The never ending possibility of becoming my mother

I remember the day my mom told me she was addicted to meth. 

My pale legs lazily slumped against the car door as my head rested on the window. 

It was an early afternoon in August. I was wearing frayed jean shorts and crummy flip flops wrecked from a chaotic summer. We were parked outside of the 7-Eleven in Fremont, not far from home.

Like usual, we had been bickering. At 13 years old I was nothing but a constant antithesis to my mom’s controlling nature. 

My mom lifted the brake to park and silenced the ignition. We were fuming, refusing to talk to one another. I sat waiting for her to make the first move.

My fingernails dug into my palm, and I let out a loud irritated sigh. I grabbed the Redbox movies we were returning and reached for the door handle. 

“Melissa, wait.” 

I reluctantly fell back into the headrest, making sure my disdain was clear. Staring at the gray felt ceiling, I expected her to nag further or tell me something I thought I already knew. 

I watched as she struggled to find the words to speak, her unexplainable silence gnawing at my anxiety. 

“I have to talk to you,” she said.

Like most parents, my mom carries a specific tone when faced with uncertainty. Hers is timid but unwavering. 

Her abrupt change threw me for a loop. Were we still mad at each other? 

A few moments of anticipation passed. 

I knew exactly where the conversation was headed. I tried not to overreact, but I was struggling to breathe, avoiding her gaze through large crocodile tears. 

“I’m addicted to drugs, but I’m going to stop. I promise you,” my mom said.

I studied my shorts and pale legs, the rental DVDs lying limp on my lap. My shoulders shuddered forward instinctively in shame. My tears dropped into my lap like small raindrops. 

I tried to stifle my emotions, but everything bottled up from the past 13 years of my life came flowing out, uncontrollably. 

I was ashamed of loving my drug-addict mother. My mom admitting to my face that she was a drug addict destroyed me. 

I remembered all of the Narcotics Anonymous meetings we attended together. The Tuesday night meeting right around the corner from our apartment was our favorite. The Wednesday night meeting at St. James Episcopal Church reminded us of home.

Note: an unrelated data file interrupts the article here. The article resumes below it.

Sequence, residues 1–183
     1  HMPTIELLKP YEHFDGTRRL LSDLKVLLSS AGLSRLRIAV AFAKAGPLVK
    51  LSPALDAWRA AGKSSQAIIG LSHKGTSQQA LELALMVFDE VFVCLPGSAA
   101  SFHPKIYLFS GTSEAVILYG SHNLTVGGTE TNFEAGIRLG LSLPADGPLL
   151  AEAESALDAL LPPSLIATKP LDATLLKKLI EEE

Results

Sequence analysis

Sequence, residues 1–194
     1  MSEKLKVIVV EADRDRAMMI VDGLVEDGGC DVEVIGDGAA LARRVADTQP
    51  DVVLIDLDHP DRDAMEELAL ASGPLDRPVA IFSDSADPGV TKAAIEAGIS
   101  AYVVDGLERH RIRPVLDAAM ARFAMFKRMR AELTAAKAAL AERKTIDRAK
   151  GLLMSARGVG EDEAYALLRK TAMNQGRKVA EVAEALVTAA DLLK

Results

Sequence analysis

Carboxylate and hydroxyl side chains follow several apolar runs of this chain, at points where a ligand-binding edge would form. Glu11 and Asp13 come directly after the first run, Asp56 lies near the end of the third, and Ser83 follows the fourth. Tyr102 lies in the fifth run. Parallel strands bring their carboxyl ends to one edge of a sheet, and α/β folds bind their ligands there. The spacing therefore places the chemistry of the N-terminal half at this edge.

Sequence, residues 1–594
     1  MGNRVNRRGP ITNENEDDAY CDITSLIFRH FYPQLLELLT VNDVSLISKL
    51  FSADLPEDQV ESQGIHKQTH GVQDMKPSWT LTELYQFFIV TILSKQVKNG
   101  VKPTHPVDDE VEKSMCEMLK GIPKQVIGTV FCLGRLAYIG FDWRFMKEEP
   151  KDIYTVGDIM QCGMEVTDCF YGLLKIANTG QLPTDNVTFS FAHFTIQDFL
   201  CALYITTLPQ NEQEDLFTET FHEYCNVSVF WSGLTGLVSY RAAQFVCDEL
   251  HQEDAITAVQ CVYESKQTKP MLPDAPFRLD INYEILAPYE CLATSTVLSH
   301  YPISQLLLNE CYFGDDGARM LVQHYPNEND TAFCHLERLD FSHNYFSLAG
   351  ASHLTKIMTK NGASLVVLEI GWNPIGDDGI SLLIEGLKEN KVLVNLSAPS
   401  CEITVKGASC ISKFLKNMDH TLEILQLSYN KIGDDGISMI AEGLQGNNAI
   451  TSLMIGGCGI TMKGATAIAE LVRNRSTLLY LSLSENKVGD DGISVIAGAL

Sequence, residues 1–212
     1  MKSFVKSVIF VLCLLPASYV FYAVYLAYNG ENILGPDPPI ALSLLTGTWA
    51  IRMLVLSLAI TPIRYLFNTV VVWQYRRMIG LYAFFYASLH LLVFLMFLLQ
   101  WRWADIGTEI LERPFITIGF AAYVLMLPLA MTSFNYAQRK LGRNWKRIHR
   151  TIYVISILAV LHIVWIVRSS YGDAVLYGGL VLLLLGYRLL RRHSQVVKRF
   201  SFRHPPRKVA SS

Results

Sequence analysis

All of those meetings and not once did I question why we were there. 

I remembered the NA literature: “The drugs handled us. We lived to use and used to live. Very simply, an addict is a person whose life is controlled by drugs.” 

I heard those lines repeated over a million times like a brainwashing, but only in that very moment, hearing my mother admit it, did the words hold depth and truth. 

I couldn’t speak. 

Memories raced through my mind: Sitting outside of the bathroom on the crusted carpet in our outdated apartment, wondering why she was in the bathroom so long. Crying outside of the door as I begged to use the bathroom. Her accusing me of lying. Her eventually opening the door and a thin film of smoke slipping out of the bathroom. Hearing her leave me home alone in the middle of the night, so she could score with my dad. Only for me to wake up from a nightmare with no mother to turn to and no idea where she had gone. The days where I would get ready for school and she would stay in bed, making us both play hookie. The weekends when the only time she would leave the couch was to buy me a fast food dinner. 

My childhood of unfounded anger finally made sense. 

A night that was seared into my memory, suddenly flashed through my mind, now making sense. I was 12 years old, my mom and I were driving to my sister’s job to pick her up after her closing shift. 

My mother started swerving and screaming, accusing giant lizards of taking up the road. I didn’t see anything. My mother’s genuine fear and vulnerability was an unshakeable image. What was she seeing that I couldn’t?